A fermented dairy base is then obtained. For instance, the fermented dairy base is a yogurt or a quark. In an embodiment, the fermented dairy base is a mixture of a yogurt and a quark. Preferably, the fermented dairy base is yogurt, such as a skim-milk yogurt. Preferably, the fermented dairy base is a yogurt with a pH ranging from 4.0 to 4.8. Preferably, the fermented dairy base comprises less than 3 wt% of fat. In a preferred embodiment, the fermented dairy base is fat-free.

The fermented dairy base may then be smoothed and cooled to a temperature of 4 to 25°C, preferably 8 to 20°C, for storing or holding. Holding the fermented dairy base at a high temperature (at 20°C or higher) for a long period of time (18 hours or more) increases the texture of the fermented dairy base.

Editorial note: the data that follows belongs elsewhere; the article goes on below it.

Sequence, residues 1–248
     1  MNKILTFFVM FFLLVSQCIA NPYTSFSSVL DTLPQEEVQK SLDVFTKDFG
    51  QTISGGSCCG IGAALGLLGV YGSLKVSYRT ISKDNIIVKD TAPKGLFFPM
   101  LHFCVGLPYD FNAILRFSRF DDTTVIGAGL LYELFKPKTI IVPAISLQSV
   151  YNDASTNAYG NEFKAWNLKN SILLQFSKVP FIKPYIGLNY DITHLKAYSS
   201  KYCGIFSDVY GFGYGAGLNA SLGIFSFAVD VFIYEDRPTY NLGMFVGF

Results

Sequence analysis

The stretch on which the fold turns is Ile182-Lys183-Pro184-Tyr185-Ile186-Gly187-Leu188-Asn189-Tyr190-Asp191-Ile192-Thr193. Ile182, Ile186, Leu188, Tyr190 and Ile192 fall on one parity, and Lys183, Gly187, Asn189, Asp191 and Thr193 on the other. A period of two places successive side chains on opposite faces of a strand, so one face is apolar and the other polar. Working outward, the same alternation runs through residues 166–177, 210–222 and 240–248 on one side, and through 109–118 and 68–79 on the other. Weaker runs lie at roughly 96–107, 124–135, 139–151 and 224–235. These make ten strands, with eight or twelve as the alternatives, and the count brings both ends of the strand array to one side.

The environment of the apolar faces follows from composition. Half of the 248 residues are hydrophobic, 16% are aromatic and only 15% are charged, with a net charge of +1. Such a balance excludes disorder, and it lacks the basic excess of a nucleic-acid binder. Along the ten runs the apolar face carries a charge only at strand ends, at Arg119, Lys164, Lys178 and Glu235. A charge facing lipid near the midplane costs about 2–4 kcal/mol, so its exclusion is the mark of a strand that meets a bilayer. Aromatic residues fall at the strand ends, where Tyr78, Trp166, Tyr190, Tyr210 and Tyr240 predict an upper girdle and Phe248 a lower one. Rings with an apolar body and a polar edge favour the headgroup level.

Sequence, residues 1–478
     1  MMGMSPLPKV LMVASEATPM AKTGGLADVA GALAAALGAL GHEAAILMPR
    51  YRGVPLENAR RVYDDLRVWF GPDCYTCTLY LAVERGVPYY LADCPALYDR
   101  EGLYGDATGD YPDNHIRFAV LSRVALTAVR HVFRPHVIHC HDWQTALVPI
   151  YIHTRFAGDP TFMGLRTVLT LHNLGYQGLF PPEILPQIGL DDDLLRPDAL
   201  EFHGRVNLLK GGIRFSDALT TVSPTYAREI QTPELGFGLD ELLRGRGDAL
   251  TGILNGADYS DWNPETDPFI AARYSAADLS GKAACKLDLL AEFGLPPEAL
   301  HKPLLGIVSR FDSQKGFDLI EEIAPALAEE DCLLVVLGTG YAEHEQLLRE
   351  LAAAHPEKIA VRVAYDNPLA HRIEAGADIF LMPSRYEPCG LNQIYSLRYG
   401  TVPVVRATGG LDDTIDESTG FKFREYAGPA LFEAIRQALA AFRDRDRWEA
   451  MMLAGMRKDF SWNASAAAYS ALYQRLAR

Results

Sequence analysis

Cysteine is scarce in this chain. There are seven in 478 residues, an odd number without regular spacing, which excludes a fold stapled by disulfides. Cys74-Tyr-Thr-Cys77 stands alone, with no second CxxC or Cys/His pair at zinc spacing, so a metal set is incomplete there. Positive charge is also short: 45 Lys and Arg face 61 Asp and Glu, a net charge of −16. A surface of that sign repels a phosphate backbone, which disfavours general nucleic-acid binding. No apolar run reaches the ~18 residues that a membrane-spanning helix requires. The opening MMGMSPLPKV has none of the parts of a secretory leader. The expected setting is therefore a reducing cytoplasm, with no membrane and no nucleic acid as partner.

Optionally, the fermented dairy base comprises a flavour ingredient. Suitable flavour ingredients include vanilla flavour; chocolate; fruit extracts or flavours, such as strawberry or lemon flavours; herbal extracts or flavours, such as mint or verbena; sweetener, such as sucrose or low- or non-caloric sweeteners. In an embodiment, the fermented dairy base comprises up to 8wt% of added sucrose. Preferably, the flavour ingredient is added to the liquid dairy composition prior to pasteurisation.

Optionally, the fermented dairy base is whipped to an overrun of 25 to 130%, such as 40 to 100%, and preferably below 60%. A standard aeration mixer can be used for whipping the fermented dairy base. Suitable equipment includes aeration mixers supplied by AEROMIX or MONDOMIX.